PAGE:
(Note: This article is adapted from Rescuing Wayward Children. Follow this link to learn more.)
President Gordon B. Hinckley said to parents: “I hope you don’t lose patience with them; I hope you go on praying for them, and I don’t hesitate to promise that if you do, the Lord will touch their hearts and bring them back to you with love and respect and appreciation.[i]
Remembering the 1980 ‘Miracle Bowl’
Consider the 1980 Holiday Bowl where Brigham Young University was pitted against Southern Methodist University. BYU entered the game with an 11–1 record, and SMU had an 8–3 record. BYU had overwhelmed its opponent with a powerful passing game orchestrated by quarterback Jim McMahon. But SMU had an explosive running offense led by Craig James and Eric Dickerson.
With four minutes left in the game, SMU scored to take a commanding 45–25 lead over BYU, which now appeared to be headed for yet another bowl loss. They simply could not handle SMU’s offense. At this point of apparent hopelessness, my wife and I decided to spare ourselves the misery of watching BYU go down in defeat. We left our children with my mother and headed to a movie theater.
When we returned, my mother met us at the door and excitedly announced that BYU had won. They had scored three touchdowns in the last two and a half minutes of the game. Thereafter, the game was to be called the “Miracle Bowl,” and it has taken its place in history as one of the most exciting college bowl games ever played. And we had been too discouraged and impatient to see the miracle.
We were not alone. At the four-minute mark, most of the BYU fans had begun leaving the stadium when McMahon screamed that the game wasn’t over yet. Very few believed him. Nevertheless, undaunted, he promptly threw a touchdown pass. This was followed by several more smart moves that decreased the gap in scores. After throwing two incomplete passes, McMahon then launched a “Hail Mary” into the end zone as time expired. What resulted was one of the most miraculous touchdowns in college football history. Then, with the score tied, BYU’s Kurt Gunther kicked the extra point to give BYU a miraculous 46–45 victory.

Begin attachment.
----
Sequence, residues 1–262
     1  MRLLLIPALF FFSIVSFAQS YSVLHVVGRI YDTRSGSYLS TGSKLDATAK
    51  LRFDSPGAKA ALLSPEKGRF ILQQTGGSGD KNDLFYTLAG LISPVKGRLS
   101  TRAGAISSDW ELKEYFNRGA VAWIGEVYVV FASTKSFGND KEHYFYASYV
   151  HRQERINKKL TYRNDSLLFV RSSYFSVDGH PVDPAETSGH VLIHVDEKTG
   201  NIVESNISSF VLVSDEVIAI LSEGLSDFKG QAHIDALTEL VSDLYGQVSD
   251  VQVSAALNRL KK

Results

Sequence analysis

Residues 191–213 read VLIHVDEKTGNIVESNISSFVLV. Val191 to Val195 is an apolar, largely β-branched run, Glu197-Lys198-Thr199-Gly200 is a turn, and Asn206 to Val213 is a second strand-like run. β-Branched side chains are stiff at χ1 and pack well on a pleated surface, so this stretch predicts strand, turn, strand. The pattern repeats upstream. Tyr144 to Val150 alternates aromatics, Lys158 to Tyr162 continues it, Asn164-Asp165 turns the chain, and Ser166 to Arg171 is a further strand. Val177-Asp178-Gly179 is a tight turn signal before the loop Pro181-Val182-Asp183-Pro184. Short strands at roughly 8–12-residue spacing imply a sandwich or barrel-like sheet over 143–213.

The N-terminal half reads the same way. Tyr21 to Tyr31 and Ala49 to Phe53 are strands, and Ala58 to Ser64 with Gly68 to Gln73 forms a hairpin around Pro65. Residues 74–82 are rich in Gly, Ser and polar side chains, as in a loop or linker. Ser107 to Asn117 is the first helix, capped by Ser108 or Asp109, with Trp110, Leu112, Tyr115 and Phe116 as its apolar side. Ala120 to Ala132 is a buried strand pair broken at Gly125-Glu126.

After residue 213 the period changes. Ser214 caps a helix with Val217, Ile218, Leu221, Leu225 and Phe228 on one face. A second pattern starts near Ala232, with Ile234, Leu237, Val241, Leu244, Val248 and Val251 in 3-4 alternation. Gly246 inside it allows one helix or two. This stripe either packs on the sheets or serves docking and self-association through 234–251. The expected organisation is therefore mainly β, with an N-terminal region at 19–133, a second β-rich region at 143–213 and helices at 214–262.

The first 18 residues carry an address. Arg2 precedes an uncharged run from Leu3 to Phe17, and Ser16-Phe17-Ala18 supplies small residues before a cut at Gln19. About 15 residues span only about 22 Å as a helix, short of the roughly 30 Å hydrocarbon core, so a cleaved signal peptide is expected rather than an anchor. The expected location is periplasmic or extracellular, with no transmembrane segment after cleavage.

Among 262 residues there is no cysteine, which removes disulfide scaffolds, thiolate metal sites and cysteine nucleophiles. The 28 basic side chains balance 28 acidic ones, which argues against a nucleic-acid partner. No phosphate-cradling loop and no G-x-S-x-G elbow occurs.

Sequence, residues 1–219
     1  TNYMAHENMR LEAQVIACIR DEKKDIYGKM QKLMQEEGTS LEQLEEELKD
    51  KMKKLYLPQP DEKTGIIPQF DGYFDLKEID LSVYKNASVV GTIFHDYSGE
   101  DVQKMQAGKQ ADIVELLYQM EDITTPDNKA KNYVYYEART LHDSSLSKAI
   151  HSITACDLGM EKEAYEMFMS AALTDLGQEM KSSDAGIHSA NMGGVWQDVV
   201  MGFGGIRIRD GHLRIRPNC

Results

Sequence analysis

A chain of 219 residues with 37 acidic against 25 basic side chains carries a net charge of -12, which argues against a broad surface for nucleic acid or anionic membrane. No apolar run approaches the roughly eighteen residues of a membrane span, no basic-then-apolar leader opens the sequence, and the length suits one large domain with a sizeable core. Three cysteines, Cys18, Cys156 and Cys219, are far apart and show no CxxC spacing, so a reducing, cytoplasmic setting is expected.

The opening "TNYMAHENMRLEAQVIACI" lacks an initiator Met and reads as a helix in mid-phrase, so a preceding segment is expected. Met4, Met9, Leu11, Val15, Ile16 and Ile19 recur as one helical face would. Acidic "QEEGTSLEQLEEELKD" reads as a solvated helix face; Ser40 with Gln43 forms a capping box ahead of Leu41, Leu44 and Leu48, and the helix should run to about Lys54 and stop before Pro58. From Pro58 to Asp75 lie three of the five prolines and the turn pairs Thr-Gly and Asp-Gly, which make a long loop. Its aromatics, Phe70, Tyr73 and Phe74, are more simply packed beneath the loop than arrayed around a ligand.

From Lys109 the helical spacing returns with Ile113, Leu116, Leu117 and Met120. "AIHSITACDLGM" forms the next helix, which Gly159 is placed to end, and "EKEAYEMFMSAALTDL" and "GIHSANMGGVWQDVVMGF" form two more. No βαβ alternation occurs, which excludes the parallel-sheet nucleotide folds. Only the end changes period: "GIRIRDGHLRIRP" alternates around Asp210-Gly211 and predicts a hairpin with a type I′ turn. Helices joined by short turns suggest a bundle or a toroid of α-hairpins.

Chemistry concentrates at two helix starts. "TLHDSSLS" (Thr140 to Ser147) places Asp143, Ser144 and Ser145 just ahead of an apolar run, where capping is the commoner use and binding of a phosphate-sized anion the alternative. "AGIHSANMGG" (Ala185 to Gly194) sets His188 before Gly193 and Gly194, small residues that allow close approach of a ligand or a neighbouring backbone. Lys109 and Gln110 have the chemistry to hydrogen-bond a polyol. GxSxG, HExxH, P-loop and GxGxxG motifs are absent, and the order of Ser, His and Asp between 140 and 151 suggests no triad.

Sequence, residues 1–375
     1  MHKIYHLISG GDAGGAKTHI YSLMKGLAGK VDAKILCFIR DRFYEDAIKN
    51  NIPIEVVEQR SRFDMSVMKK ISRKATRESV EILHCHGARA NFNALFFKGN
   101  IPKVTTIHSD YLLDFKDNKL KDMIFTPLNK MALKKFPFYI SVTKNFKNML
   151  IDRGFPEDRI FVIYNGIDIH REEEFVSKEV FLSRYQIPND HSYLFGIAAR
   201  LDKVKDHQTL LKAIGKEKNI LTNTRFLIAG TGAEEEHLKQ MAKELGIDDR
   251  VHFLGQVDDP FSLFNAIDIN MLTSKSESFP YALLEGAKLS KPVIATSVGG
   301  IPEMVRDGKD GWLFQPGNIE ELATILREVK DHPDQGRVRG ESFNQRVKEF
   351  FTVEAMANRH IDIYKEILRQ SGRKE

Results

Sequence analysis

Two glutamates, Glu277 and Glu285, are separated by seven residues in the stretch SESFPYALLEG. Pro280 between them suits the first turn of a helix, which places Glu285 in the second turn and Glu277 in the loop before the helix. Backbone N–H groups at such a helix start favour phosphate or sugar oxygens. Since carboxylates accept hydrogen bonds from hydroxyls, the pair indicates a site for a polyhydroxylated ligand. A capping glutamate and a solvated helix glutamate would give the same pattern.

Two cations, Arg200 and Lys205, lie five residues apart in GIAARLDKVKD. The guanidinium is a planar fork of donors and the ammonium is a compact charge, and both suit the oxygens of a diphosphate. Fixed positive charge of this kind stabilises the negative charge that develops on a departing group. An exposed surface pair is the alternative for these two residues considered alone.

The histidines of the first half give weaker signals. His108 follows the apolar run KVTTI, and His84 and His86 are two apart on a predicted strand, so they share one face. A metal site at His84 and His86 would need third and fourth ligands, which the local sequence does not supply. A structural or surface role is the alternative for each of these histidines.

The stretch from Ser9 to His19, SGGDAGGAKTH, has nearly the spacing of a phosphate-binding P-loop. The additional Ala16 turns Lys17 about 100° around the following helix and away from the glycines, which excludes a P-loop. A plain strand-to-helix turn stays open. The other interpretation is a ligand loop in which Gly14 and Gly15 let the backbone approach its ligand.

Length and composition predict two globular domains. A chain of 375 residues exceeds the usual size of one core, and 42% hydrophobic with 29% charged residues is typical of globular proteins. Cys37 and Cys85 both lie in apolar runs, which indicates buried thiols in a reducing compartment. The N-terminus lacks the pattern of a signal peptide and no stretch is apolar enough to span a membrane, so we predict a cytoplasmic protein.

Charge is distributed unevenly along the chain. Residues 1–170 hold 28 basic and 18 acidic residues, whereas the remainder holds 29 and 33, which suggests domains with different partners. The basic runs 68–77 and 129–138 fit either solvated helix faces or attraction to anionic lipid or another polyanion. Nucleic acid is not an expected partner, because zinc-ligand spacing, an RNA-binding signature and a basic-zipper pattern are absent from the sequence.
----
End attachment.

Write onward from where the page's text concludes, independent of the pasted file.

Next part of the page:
In the last two minutes and thirty-three seconds of the game, BYU scored 21 points—and we had missed it!
Never Give Up
Elder Neal A. Maxwell wrote, “Apparently it is necessary for us on occasion to be brought to a white-knuckles point of anxiety so as to be reminded, when rescued, of who our Rescuer is!”[ii]
When all seems lost, we must not give up. President Benson said there is no question about the final outcome—righteousness will achieve victory.[iii] Victory is in our future, even if that victory comes at the very last second. To achieve that victory, the Lord will call upon players on both sides of the veil. Our responsibility is to persevere by keeping one eye fixed on the goal and the other on what needs to happen today. Even if a child seems to be sinning away his salvation, we must never give up hope.
Robert L. Millet wrote though “there are limits, not necessarily to God’s mercy but to the extent to which mercy can temper justice,”[iv] nevertheless, there is still hope. He said, “I have a conviction that when a person passes through the veil of death, all those impediments and challenges and crosses that were beyond his or her power to control—abuse, neglect, immoral environment, weighty traditions, etc.—will be torn away like a film. Then perhaps that person shall, as President Woodruff suggested, see and feel things he or she could not see and feel Before.”[v]
“Linda,” a mother in Utah, wrote of clinging to hope, even up until the very last minute.
My husband and I have five children. I learned from my two oldest to never give up. Our oldest son, “Ben,” started hanging with a bad group and drifted away from the Church. At one point, he told us that the Joseph Smith story was a load of baloney. He started smoking and experimenting with drugs. He stayed away from church for several years. We fasted and prayed for him constantly; we put his name in the temple religiously, and we tried to include him in family prayers and family home evening, as much as he would allow.
Once, at a regional conference, Elder Holland spoke and gave the congregation an apostolic blessing. He promised that if we as parents were faithful in all things, we would see our wayward children return. I remember weeping as I listened to his remarks. I prayed that his promise would be fulfilled.
Then, in 1998, our youngest child accidentally drowned. Ben was devastated; we all were. A month later, Ben phoned me and asked if I was sitting down. He announced that he had decided to go on a mission. I was speechless. He said that he had become so despondent over his brother’s death that the only thing left to do was to pray. He told me that he had prayed all night and into the morning. Then he heard a voice as clear as a bell tell him to put his life in order and go on a mission. He moved home a few days later and began the repentance process to prepare to serve. At age twenty-two, he left for his field of service. Today he is married in the temple, has two beautiful children, and has graduated with a degree in business from BYU–Idaho.